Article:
An inside look at the sacred suburbs and theatrical New York City
Throughout childhood, photographer Meryl Meisler was told that because she was Jewish, she would never go to heaven. Instead, she would be stuck in purgatory — a spiritual limbo. With a medium format camera in hand, Meryl set out in the 1970s to make sense of a changing world not “meant” for her. Her photographs, collected in her book “Purgatory & Paradise: Sassy ‘70s Suburbia & the City” (Bizarre) provides an inside look into those sacred suburban spaces many admire from the outskirts, but have hard time truly fitting in.
Meryl’s relationship to Long Island and New York City played an active role in both her coming of age and eventual coming out. The theatrics of New York City nightlife are seen a plenty in her photography, and there are handfuls of the suburban mundane too. From prom nights, to family dinners, to dance parties and beach-bods, the subject most present in Meryl’s photography is a documentarian’s bravery. It took bravery to photograph certain scenes, and it also took bravery for her subjects – many of them queer and people of color – confident enough to be themselves in front of the lens at a time where freedom of expression was heavily suppressed by greater-white society. Many of the images in this book are previously unseen. Printed side by side, the images show how necessary all these different signs of strength can partner with general empathy.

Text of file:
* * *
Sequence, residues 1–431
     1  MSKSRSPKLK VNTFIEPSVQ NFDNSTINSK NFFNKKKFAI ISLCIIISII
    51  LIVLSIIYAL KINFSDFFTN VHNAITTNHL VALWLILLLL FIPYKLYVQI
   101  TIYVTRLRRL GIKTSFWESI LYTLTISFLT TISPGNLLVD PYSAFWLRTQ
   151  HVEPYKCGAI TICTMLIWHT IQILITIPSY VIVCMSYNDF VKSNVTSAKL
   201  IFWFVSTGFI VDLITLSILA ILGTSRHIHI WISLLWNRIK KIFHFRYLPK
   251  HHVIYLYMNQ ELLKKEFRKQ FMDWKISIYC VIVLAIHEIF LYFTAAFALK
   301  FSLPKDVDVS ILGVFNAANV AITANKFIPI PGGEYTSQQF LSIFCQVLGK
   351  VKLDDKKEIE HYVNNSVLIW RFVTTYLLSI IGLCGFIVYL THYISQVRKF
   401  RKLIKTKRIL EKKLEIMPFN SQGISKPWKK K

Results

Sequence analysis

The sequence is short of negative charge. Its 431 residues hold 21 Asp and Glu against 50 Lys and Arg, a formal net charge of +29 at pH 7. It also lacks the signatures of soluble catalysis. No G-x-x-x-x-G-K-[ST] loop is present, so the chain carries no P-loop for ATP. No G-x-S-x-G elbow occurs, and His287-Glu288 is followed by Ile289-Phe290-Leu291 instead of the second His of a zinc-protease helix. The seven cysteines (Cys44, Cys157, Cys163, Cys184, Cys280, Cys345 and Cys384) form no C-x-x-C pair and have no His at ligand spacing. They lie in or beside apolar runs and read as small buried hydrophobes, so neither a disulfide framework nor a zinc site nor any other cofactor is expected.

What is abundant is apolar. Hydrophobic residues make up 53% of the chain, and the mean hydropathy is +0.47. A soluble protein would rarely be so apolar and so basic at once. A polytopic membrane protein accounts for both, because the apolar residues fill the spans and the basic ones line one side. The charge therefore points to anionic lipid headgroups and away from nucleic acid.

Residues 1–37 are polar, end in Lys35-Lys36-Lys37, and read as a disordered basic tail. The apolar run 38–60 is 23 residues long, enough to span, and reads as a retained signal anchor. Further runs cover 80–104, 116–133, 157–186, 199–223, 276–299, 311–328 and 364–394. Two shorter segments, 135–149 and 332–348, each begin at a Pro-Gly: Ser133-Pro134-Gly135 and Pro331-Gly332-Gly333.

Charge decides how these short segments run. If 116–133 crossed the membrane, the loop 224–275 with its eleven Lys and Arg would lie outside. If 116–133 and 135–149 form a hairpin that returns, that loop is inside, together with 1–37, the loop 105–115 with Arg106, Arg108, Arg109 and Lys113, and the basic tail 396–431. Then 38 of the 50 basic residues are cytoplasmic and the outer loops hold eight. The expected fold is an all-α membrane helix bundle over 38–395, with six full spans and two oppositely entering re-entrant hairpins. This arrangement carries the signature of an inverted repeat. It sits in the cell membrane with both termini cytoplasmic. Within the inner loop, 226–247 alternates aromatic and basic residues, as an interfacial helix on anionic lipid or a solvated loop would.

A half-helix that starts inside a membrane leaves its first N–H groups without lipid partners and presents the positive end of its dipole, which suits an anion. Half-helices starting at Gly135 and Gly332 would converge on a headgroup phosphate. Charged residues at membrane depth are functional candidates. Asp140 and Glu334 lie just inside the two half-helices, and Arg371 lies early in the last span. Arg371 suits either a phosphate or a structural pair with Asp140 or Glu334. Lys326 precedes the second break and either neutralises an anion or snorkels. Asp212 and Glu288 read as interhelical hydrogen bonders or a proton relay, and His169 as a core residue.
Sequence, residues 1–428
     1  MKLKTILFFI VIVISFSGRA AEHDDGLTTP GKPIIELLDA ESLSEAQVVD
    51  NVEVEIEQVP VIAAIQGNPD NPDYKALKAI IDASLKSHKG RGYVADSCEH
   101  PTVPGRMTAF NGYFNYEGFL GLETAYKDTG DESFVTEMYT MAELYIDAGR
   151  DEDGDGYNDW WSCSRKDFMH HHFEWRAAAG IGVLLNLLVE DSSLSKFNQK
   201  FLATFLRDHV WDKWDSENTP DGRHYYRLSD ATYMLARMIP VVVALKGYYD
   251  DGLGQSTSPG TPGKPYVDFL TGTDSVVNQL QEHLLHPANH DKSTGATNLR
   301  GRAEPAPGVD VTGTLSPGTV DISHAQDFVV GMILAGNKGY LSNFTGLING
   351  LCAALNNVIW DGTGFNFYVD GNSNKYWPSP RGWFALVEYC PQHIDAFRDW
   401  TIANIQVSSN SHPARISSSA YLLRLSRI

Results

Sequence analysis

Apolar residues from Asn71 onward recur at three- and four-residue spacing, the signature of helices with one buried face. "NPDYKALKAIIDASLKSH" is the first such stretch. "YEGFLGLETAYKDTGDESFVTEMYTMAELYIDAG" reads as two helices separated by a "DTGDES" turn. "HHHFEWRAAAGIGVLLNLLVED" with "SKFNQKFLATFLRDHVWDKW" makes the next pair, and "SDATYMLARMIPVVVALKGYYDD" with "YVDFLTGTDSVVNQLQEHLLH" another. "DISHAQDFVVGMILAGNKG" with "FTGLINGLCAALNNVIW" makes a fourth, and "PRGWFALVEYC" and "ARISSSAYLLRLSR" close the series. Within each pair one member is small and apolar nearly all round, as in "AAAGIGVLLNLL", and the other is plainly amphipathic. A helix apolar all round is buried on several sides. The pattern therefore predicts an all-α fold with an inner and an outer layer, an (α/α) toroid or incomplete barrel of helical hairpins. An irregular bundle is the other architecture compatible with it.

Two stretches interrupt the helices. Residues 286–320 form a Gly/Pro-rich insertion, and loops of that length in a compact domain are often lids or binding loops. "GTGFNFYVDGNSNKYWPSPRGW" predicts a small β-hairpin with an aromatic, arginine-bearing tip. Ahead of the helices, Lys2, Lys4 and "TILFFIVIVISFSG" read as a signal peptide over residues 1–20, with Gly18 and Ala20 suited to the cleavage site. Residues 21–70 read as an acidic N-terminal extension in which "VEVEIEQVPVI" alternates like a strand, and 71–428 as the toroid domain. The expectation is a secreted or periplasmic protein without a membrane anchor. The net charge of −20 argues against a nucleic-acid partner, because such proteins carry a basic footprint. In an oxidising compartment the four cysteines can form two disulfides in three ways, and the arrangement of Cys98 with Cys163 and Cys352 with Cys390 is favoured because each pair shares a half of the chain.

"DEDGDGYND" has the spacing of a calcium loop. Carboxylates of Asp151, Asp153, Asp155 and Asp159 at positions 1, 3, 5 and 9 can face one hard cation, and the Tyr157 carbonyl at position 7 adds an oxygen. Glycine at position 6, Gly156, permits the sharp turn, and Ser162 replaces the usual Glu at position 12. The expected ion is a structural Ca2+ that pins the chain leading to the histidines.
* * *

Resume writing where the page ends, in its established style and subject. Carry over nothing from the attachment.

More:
Aside from exploring the characters in the world around her, Meryl explored her identity using self-portraiture as well. …
Fashion's cult-favorite archive receives a proper publishing treatment.
If you didn’t already know of stylist David Casavant’s extensive archive of conceptual menswear, his book, aptly titled David Casavant Archive (DAMIANI), is the perfect introduction. The collection of images melds together the stylist’s various collaborations between artists and his archive denoting the various views Casavant’s collection inflicts on culture, ranging from the celebrity to the individual creative. If you’re new to the archive, it’s best to skip to the ending where you’ll find the archive’s proper credits. It features some of the most influential fashion from the last 20 years including Helmut Lang, Gucci, John Galliano, Raf Simons, Maison Margiela, Jil Sander and more.